“You don’t teach a child to become a killer by rote lectures,” Laird Barron writes in his new crime novel, Black Mountain. “To create a predatory machine, you foster an appreciation of the natural world and our minuteness upon its canvass. . . . We are as nothing and that permits us to do anything.”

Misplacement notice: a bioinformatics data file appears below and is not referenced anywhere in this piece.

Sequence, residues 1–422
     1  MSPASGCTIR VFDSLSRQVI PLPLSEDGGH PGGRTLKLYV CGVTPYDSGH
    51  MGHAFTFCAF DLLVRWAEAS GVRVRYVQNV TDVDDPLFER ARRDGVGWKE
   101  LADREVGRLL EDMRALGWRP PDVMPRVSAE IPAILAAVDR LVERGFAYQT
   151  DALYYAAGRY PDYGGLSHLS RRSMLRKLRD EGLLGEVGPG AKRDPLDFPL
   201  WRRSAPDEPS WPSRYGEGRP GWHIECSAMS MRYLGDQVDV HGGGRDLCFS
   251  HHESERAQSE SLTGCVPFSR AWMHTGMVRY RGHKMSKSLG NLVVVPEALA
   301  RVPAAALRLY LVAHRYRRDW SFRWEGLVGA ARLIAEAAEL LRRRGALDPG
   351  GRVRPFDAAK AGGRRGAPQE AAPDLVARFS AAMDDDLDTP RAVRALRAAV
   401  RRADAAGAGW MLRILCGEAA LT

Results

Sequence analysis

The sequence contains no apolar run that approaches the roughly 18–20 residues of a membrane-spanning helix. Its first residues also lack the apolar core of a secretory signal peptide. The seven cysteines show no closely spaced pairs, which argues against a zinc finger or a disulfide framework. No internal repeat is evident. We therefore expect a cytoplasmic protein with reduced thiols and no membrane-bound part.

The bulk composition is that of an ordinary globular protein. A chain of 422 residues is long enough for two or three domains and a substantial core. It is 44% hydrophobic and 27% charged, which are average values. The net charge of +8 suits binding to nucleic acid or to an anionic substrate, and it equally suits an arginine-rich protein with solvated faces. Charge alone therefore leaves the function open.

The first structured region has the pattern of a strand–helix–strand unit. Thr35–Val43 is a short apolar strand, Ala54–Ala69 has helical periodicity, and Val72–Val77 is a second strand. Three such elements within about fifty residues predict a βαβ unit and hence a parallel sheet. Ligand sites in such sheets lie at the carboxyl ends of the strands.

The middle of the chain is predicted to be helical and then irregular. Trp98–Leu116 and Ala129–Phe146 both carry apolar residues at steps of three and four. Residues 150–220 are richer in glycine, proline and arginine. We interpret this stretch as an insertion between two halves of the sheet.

Like a lyricist, Barron excels at manipulating the tones and cadence of language. Like a Gothic novelist, the mood he creates is often bleak. It should come as no surprise, then, that he wrote both poetry and horror before turning to crime fiction.
To read the full text of my Associated Press review of this fine novel, please click here.